The Garden Gang.
Meet the kids of Eden Keepers, a group of young gardeners from Indiana. Abbie and the kids have planted flowers and helped landscape at an animal shelter and a nearby YMCA summer camp. They've also helped plant a vegetable garden and flowers at the house of an older couple nearby, who just happen to be Abbie's grandparents.
"The boys did vegetables," says Abbie, "and the girls did flowers."
It's all part of the Junior Master Gardeners program, based in Texas but now including more than 8,000 kids from 23 states and 2 countries.
A host of activities help the junior gardeners learn about growing things. They can create plantable greeting cards, discover how plants clean water, and even learn about dirt by making "soil aggregates" out of peanut butter, chocolate chips, and cereal.
"It's really fun; we do a lot of crafty stuff," says Jana Clark, Abbie's twelve-year-old sister. "It lets you be outside more," she says. "It lets you learn more and it's fun learning it."
Learning is key, even for rural kids, says Clint Stanton. "We didn't know how to transport certain flowers and that some plants aren't supposed to go next to other plants," he says. "Pumpkins, for instance, aren't supposed to grow next to certain gourds, because they'll cross-pollinate--you'd get a long, narrow pumpkin."
Clint says kids would love gardening. "It's a good habit to get into. It teaches you respect for the outdoors," he says.
Do you need lots of space? Not at all. "If they had a little place by the window, they could grow a little garden in their house," Jana Clark says.
"If they have a balcony, they could have tomatoes to grow out of pots," adds Clint.
Anybody thinking about gardening ought to grab a hoe and dig in, the kids insist.
"I'd say go for it. If you like the outdoors and you don't mind a little work," Clint says, "you're going to get into it."
Growing Your Garden Group
Kids in grades three through five take part in level one of the Junior Master Gardeners program. To join, just get five kids or more, an adult leader, and register for free with the main office online at www.jmgkids.com, or by mail at:
JMG Junior Master Gardener Program 225 Horticultural/Forestry Bldg. College Station, Texas 77843
Junior Master Gardener handbooks cost $20, and contain activities for members to work through on their way to being certified as official Junior Master Gardeners.
RELATED ARTICLE: Gardening Season Over? Don't Fall for That!
You don't have to wait for spring to bring your garden to life. There are plenty of plants that do well in the later part of the growing season.
"In the fall you're likely to have a lot more evenings that are cool," says Dr. Kathryn Orvis, a gardening expert at Purdue University and the leader of the Indiana Junior Master Gardener program.
But believe it or not, lower temperatures are a good thing, especially for plants in the brassica family. That includes broccoli, cauliflower, cabbage, and Brussels sprouts.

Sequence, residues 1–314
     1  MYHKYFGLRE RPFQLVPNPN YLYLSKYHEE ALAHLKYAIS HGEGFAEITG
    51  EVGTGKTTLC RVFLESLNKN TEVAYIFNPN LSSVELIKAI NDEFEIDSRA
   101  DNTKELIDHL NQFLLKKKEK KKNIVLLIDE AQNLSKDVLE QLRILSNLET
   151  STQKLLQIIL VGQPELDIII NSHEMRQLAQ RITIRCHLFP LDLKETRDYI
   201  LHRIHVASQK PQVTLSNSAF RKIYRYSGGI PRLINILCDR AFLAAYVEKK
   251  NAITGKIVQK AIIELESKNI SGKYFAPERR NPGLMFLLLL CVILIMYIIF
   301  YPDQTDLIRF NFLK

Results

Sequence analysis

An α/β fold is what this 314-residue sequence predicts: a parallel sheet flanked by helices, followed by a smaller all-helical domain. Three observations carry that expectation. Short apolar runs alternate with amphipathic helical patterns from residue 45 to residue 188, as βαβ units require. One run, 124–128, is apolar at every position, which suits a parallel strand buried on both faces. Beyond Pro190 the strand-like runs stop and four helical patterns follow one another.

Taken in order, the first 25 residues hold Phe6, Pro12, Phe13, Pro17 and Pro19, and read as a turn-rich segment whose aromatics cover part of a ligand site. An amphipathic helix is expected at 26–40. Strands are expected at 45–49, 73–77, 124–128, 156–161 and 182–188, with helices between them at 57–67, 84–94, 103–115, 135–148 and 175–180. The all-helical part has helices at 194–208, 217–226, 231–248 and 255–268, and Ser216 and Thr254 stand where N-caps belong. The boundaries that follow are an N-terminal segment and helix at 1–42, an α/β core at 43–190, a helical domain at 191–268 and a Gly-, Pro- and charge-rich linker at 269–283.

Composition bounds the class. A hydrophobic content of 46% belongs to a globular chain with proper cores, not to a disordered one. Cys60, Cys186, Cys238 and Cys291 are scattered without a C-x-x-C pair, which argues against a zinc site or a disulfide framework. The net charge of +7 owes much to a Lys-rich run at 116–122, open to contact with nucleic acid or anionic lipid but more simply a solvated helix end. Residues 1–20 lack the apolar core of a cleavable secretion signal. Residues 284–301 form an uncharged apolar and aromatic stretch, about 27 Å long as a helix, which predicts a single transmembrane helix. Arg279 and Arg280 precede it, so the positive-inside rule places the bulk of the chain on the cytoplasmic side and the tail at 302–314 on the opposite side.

"There's something about the coolness that enhances the flavor of those vegetables," says Dr. Orvis.
Check out these growing times and compare them with the first frost map above to decide the best time for planting fall crops where you live.
Crop Planting Time
Spinach 6-10 weeks before 1st frost Peas 12 weeks before 1st frost Radishes 7 weeks before 1st frost Carrots 13 weeks before 1st frost Turnips 7 weeks before 1st frost Beets 9 weeks before 1st frost Cauliflower 14 weeks before 1st frost Cabbage 14 weeks before 1st frost Broccoli 15-16 weeks before 1st frost Brussels sprouts 17 weeks before 1st frost
RELATED ARTICLE: You'll Dig It!
Gardening is fun and rewarding, but you have to work at it. Here are some chores any gardener faces.
* Planting--lots of work, but a good time. "You get to go out in a group and talk to the other people while you're planting; it's fun," says Jana Clark.
* Cultivation--"So if there's a big weed, it won't block the sun from the plant, or the weeds take up the water that the plants need," says Abbie Clark. "It's pretty simple, actually. You just grab the weed and pull it out of the ground. If you can't get it out with your hands, you probably have to dig it up."
* Waiting--the tough part. "Watching and waiting for the plants to come up and seeing how big they're going to get," says Jana.
* Harvest--yummy-tummy time. Clint likes strawberries: "They're really good to have around if you ever need a snack." Jana is partial to peas: "Peas in the pod, I think those are good eating." Abbie likes green peppers: "Because they just taste good."
* Fall preparation--next spring starts now. "In the fall you need to keep down the weeds," says Clint. "Cultivate it; till it up," he says, to fortify the soil for next year's crop.
Hoe-ld on to Your Hats! It's Essay Contest Time
Do you have the gift of gardening gab? Well, we're all ears, and we're not talking about sweet corn.
Write an essay describing why you think gardening is important and fun, and you could win a great scholarship at our Tulip Time Scholarship Games on April 20, 2002.
Mail your entry to Jack and Jill, P.O. Box 567, Indianapolis, Indiana 46206.
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|Title Annotation:||kids and gardening|
|Publication:||Jack & Jill|
|Article Type:||Brief Article|
|Date:||Sep 1, 2001|
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